I'm writing this in an ICU where someone who had been sick for the last month just passed away. She lies there with her hands clasped, quite still, as the warmth of her body gradually escapes her and rigormortis slowly seeps into her bones. Once she was a living, talking, eating human being. Now, she is as lifeless as the bed she's lying on.
Why this dwelling on death, I hear you think. It's morbid, no? I beg to differ. Death is very much a part of life - and increasingly part of my social agenda. In the last couple of weeks I've attended a few funerals of people of varying ages (most didn't even make it to the average national life expectancy age) who died of various, though predictable, illnesses and with varying degrees of pain and suffering.
In these instances one feels sad, particularly for the loved ones left behind. For the departed, it is said that one must not show too much sorrow or shed too many tears as it would be painful for the soul to leave to their next destination with so much emotion holding them back. Instead one must accept their passing with stoic resignation as when it comes to death, it is supposedly in the hands of the Almighty. One does not know when the Grim Reaper will come and cut our mortal coil. When he does, all our plans, our thoughts of tomorrow and the woes of this planet are swept away like sandcastles at high tide.
Having witnessed many passings, including my parents', I no longer feel excessive sorrow in these occasions, but rather a sense of gratitude for the reminder to put things in their true perspectives. Including an increasing realisation that when it comes to our own death, just may be each of us has a lot more active hand in its design than we think. And that if we regularly put our life tape in pause, we would be able to discern a pattern where death is not the end or culmination of life nor the opposite to existence.
Neither is death the mysterious or scary phenomenon that steals in the night catching us unawares, but rather the seeds of death have been planted in each of us when we inhabit our physical bodies and we feed and nourish them throughout the years as we go through our so-called lives. In this way, barring fatal accidents and unpredictable tragedies, it is becoming more and more apparent that how we live our lives play a large part in how we shape our own deaths.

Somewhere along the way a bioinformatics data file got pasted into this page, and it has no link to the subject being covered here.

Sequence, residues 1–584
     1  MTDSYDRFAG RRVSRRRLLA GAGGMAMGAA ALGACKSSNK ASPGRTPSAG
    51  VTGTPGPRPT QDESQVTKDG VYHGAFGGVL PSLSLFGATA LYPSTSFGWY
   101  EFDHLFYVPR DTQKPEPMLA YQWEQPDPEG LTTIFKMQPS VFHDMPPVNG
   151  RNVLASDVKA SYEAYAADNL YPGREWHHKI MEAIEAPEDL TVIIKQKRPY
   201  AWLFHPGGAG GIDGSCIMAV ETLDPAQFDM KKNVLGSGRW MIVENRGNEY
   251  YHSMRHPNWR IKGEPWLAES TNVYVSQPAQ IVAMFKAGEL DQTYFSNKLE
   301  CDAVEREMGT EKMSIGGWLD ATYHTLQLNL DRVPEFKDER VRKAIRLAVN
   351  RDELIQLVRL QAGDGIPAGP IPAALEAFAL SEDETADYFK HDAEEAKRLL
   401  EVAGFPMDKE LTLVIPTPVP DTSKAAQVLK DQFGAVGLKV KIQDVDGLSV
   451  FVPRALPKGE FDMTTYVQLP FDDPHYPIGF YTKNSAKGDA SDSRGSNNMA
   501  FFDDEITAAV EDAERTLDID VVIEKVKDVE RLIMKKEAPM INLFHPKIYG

We are after all a driver in a vehicle that has its own intelligence and built in obsolescence
that is quite beyond our control. The best that we could do is ensure its maintenance so that it gives us the best in its performance and provide us with quality driving. A lot of the time however, we think that we are not just the driver but also the vehicle. We drive it the way we want to, often carelessly, at times dangerously, mistaking our immortality for the car's.
Far from taking care of it and cherishing it as a precious thing, we subject this vehicle to all our worries, our roller coaster emotions, our fears, angers, disappointments and traumas as well as all the mental twists and gymnastics that form the journey we call our life. We believe we are the master of the journey and in full control of this vehicle. It is often only at the edge of the abyss that we remember the vehicle has its own journey and we have ours: and our painful parting becomes our moment of rude awakening.
So wouldn't it be nice if we could ensure ourselves of a good death? One that doesn't catch us by surprise when we are far from ready, when our to-do lists are still clutched in our hands and the worries of today are foremost in our minds? One that doesn't force us to review our lives in the final months, weeks, days or even hours before our last breath, when there is little room for introspection, barely any energy to correct our mistakes and no time prepare our own departure.
How much better it would be if we could be ready well in advance with our suitcases packed, our letters written, our messages sent, our debts paid and our farewells duly said. Then we would have no need for others to go over our lives, trying to remember what good deeds we had done and the achievements we had accomplished. We won't have to rely on others to judge whether ours is a life well-spent or time wasted.
Because we have penned our own obituary well in advance, every day each time we look in the mirror and ask ourselves, what is this journey that I'm undertaking, how far have I gone and how am I enjoying it?
So that when the time comes for us to leave we could exit gracefully and proudly like in a well-rehearsed curtain call, bidding a fond farewell of gratitude to that vehicle that had so faithfully supported and sustained us safely during our adventures.
(Desi Anwar: First Published in The Jakarta Globe)